You may know their names—but you probably don’t know that they were also spies. For some of these big-name personalities, spying taught them the skills that made them famous; for others, being famous made them the perfect spies. With that in mind, we are blowing the cover of some of our favorite celebrity spies.
“Bon appétit” became the familiar catchphrase of celebrity chef Julia Child. But decades earlier, before sharing culinary secrets, she worked directly for OSS chief William Donovan as part of America’s wartime spy agency.
Child was one of only a few female OSS employees deployed to Ceylon (Sri Lanka) and China, where she tracked highly classified documents as Chief of the OSS Registry. Though downplaying her role as “only a lowly file clerk,” she received an Emblem of Meritorious Civilian Service.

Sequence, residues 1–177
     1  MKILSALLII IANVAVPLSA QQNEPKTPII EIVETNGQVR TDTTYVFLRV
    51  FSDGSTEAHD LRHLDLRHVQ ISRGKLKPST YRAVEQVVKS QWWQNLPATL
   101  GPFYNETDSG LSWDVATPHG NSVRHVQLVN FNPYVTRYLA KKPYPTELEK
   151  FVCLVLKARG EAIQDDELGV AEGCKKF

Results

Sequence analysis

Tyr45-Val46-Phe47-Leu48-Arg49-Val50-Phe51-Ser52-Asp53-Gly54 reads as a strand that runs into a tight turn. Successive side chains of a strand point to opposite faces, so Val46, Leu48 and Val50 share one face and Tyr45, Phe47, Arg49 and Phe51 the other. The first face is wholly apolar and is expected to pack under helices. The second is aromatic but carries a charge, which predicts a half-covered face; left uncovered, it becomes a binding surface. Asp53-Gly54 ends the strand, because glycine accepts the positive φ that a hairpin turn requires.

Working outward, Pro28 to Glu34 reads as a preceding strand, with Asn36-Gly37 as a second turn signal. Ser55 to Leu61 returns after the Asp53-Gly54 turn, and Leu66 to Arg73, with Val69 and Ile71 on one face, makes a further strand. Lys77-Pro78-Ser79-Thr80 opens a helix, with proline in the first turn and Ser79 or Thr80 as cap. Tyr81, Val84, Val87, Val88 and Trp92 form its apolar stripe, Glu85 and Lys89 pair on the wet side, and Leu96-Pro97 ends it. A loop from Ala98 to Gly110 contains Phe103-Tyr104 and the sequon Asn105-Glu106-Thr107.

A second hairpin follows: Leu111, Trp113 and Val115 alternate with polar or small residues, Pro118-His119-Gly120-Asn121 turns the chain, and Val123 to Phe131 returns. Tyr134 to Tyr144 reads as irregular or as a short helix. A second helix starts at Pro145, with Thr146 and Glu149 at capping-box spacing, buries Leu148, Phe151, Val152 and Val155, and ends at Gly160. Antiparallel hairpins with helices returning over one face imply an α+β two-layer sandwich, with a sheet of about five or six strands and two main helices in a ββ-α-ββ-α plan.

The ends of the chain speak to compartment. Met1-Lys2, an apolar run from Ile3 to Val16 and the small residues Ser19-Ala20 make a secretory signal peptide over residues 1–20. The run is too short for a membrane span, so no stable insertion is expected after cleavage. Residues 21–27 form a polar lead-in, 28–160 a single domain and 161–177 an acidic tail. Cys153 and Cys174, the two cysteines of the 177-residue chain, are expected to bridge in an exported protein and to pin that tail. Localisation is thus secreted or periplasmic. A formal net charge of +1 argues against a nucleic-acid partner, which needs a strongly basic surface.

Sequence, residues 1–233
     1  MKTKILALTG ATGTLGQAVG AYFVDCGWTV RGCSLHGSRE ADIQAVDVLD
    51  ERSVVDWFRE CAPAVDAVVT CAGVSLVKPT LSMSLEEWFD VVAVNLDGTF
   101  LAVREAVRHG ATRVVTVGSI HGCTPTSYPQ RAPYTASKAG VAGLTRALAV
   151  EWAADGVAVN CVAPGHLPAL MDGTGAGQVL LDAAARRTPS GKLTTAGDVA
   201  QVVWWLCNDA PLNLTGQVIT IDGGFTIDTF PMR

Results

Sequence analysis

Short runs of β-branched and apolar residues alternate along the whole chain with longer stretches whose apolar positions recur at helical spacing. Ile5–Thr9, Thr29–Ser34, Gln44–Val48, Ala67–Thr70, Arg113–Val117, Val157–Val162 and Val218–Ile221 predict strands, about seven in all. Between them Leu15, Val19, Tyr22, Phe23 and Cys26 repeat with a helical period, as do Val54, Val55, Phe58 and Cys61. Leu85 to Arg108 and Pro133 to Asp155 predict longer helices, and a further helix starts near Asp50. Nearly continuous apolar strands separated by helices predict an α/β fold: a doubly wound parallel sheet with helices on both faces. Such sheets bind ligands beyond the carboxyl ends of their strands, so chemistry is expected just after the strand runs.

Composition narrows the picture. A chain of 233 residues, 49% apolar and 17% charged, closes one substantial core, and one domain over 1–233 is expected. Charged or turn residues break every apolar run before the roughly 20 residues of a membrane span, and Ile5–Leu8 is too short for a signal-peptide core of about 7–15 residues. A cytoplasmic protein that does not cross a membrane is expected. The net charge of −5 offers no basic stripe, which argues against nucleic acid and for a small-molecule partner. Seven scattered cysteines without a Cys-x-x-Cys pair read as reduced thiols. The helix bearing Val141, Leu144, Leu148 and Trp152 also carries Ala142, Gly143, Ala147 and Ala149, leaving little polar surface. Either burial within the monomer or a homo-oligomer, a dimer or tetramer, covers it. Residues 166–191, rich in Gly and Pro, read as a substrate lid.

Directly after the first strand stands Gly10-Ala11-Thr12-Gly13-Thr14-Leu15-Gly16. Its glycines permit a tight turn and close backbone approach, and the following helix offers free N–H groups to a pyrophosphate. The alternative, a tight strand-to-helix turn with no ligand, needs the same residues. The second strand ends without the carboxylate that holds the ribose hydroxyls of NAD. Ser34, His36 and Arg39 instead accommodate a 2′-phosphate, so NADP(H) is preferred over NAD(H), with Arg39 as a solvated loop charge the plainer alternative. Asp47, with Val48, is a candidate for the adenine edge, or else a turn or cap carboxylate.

Fun Fact: In 1943, Child worked with zoologist Captain Harold J. Coolidge to develop a shark repellent for the OSS. However, it was more effective at boosting US Navy morale than driving sharks away.
Explore her story in the Museum's Spying in WWII exhibit.
Professional baseball player Moe Berg was a third-string catcher…and a first-rate spy for US intelligence, sent behind enemy lines during WWII.
The Second World War (1939-1945) touched people from every walk of life. And people from every walk of life answered the call to serve.
As the Allied and Axis powers fought across Europe, Asia, and Africa, they enlisted the aid of men and women of every background and field, from sports to fashion, from the cabaret stage to the silver screen.